Listen to “Burned out on Self-Improvement? Read this…”.
Trying to be “better” doesn’t always make us happier. We are under constant pressure to show that we know how to lead the perfect life. The result of this is that we feel ashamed when we fail to meet the sky-high expectations we set for ourselves.
Today’s “more, more, more” mentality that often surrounds the pursuit of money or career goals can happen with self-improvement too, which can lead to burnout. Remember, too much of anything is bad, and too much self-improvement can quickly go from being productive to destructive.
From time to time, we all need to take a break and focus on ourselves. If you get stuck always wanting more, you’ll soon find yourself in an endless cycle. You’ll never be satisfied, nothing will ever be enough, and you’ll never be happy with who you are. If you find yourself falling into this habit, then it’s time to stop and take a break.
When we find ourselves in negative cycles, we need to reprogram our emotional, mental and physical habits that no longer serve us.
Sometimes we come to a point when the things we do don’t make sense anymore. Therefore, if you find yourself at a dead-end and feeling burned-out emotionally, it’s time to start asking yourself where your life is going and how to find balance, meaning and energy.
Obsessing about self-improvement doesn’t always translate into being a better person. Getting stressed about not getting your 15 minutes of meditation defeats the whole purpose of the practice in the first place. After all, being permanently switched on doesn’t give us the time we need to recharge.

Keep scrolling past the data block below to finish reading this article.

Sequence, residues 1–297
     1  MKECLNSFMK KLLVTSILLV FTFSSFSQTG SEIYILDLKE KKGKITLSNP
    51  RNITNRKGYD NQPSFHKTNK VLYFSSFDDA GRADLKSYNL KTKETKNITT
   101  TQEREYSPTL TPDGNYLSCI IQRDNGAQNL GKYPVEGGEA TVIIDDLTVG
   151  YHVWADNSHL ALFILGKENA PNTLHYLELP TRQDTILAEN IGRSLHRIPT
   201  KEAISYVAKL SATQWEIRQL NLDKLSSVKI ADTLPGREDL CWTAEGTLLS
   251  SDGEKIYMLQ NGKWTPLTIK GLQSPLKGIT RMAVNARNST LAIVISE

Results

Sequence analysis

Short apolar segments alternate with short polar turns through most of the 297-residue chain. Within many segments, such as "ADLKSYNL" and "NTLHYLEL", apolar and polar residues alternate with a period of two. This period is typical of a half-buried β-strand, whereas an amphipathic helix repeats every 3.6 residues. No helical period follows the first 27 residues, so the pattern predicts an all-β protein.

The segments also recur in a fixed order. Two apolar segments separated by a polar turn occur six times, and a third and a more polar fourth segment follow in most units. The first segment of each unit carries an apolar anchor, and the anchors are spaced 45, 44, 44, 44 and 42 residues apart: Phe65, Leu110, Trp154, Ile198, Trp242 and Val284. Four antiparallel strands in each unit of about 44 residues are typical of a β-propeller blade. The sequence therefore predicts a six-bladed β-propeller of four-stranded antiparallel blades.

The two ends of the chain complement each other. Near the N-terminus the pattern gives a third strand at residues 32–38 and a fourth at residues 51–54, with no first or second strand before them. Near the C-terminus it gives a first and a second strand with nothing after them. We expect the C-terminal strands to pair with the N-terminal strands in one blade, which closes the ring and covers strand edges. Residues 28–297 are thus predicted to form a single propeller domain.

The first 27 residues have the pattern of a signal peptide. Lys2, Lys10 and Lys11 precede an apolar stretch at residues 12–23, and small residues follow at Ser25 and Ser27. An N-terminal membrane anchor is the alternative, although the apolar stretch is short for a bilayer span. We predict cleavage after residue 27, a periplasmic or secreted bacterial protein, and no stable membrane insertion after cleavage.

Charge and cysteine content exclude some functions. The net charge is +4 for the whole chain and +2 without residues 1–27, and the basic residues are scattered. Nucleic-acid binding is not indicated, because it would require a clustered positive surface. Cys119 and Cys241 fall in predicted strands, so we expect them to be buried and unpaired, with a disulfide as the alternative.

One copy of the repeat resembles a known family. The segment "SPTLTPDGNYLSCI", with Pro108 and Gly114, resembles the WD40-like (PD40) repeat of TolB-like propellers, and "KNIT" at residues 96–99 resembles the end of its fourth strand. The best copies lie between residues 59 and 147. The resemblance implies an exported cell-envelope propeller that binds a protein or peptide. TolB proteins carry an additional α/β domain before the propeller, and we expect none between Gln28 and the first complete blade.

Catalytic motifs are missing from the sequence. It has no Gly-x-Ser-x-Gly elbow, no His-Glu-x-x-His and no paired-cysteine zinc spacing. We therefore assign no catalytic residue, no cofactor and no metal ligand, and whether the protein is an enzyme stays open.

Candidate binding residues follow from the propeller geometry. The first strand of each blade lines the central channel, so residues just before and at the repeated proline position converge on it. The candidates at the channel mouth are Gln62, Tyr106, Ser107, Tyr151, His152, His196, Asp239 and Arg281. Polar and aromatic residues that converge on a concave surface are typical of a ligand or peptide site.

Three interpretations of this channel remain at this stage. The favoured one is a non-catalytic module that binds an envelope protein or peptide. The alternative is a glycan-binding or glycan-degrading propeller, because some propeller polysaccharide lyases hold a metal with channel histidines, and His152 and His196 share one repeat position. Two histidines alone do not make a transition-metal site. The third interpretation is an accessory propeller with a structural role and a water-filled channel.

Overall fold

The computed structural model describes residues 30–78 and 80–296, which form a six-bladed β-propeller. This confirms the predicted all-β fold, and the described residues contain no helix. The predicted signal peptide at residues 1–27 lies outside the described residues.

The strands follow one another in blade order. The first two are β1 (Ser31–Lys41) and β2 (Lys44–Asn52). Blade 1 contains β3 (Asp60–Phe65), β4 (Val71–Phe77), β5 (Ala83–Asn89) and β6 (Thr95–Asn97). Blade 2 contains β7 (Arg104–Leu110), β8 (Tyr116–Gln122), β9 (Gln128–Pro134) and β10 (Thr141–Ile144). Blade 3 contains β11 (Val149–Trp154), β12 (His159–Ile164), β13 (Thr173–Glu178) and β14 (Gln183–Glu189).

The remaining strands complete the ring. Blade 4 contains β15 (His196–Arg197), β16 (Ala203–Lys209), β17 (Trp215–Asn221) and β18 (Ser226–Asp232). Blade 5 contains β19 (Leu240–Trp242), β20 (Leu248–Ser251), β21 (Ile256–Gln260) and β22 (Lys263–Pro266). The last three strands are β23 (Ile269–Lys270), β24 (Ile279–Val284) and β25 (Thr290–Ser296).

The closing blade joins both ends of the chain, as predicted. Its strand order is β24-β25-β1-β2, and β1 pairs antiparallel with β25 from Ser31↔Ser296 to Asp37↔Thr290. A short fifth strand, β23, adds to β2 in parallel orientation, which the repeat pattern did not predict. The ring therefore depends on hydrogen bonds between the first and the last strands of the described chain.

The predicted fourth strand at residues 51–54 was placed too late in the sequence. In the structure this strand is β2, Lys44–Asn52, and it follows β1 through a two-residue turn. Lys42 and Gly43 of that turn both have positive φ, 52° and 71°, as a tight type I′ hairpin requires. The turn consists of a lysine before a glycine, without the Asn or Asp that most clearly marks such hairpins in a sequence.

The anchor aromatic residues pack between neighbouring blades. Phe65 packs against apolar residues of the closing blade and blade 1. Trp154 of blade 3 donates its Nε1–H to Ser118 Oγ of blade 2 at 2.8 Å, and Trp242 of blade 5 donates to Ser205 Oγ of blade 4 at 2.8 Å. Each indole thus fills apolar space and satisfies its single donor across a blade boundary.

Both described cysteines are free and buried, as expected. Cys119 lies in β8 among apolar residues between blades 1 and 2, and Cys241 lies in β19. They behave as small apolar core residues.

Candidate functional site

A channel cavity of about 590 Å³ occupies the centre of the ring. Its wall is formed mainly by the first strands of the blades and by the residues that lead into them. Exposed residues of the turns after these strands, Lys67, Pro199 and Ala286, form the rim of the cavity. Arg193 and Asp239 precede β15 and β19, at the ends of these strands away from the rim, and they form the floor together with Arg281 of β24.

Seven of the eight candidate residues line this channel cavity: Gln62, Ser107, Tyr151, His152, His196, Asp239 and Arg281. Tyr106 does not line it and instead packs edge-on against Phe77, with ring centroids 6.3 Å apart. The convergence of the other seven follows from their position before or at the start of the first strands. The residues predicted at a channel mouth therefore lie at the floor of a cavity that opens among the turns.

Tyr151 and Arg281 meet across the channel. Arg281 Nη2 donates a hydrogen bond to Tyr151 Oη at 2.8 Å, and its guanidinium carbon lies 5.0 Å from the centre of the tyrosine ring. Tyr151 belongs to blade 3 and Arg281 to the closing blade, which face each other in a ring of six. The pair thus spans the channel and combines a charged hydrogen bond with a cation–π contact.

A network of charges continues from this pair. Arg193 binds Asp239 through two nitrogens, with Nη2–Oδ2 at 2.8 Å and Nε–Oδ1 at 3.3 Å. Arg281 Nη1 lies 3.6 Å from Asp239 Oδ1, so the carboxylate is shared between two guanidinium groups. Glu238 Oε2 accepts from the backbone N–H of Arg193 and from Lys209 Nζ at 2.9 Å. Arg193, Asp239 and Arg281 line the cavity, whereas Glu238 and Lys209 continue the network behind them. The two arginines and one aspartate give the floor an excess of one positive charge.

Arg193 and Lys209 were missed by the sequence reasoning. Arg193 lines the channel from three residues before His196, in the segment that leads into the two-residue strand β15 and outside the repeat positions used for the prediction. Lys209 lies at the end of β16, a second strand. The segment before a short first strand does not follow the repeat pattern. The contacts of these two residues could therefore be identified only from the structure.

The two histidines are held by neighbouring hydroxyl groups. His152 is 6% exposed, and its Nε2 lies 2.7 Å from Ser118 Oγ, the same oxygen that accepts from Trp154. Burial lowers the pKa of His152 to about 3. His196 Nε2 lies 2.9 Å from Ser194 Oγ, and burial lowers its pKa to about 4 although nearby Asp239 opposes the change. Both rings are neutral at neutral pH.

In a society obsessed with productivity, it feels all the more important to do something as simple and radical as permitting yourself not to be perfect.
There is nothing wrong with you. You can feel good about yourself, embracing humble efforts to be better, to feel better accepting all imperfections and behaviour.
This post aims to inspire self-discovery so that you can get in touch with the depth of your being. You should make sure you keep a healthy appreciation for who you are right now, at the centre of your self-improvement formula.
You should understand your physical, mental and spiritual needs and remind yourself that you are more than the sum of other people’s opinions. You should continue pursuing what is meaningful to you, at your own pace, without feeling guilty for not being productive enough or good enough.
Self-discovery cultivates living in your values, which is key to personal satisfaction and reducing symptoms of anxiety and depression.
In general, cultivating a healthy spirituality and having a sense of meaning and connectedness is as vital to health and well-being as healthy eating and exercise.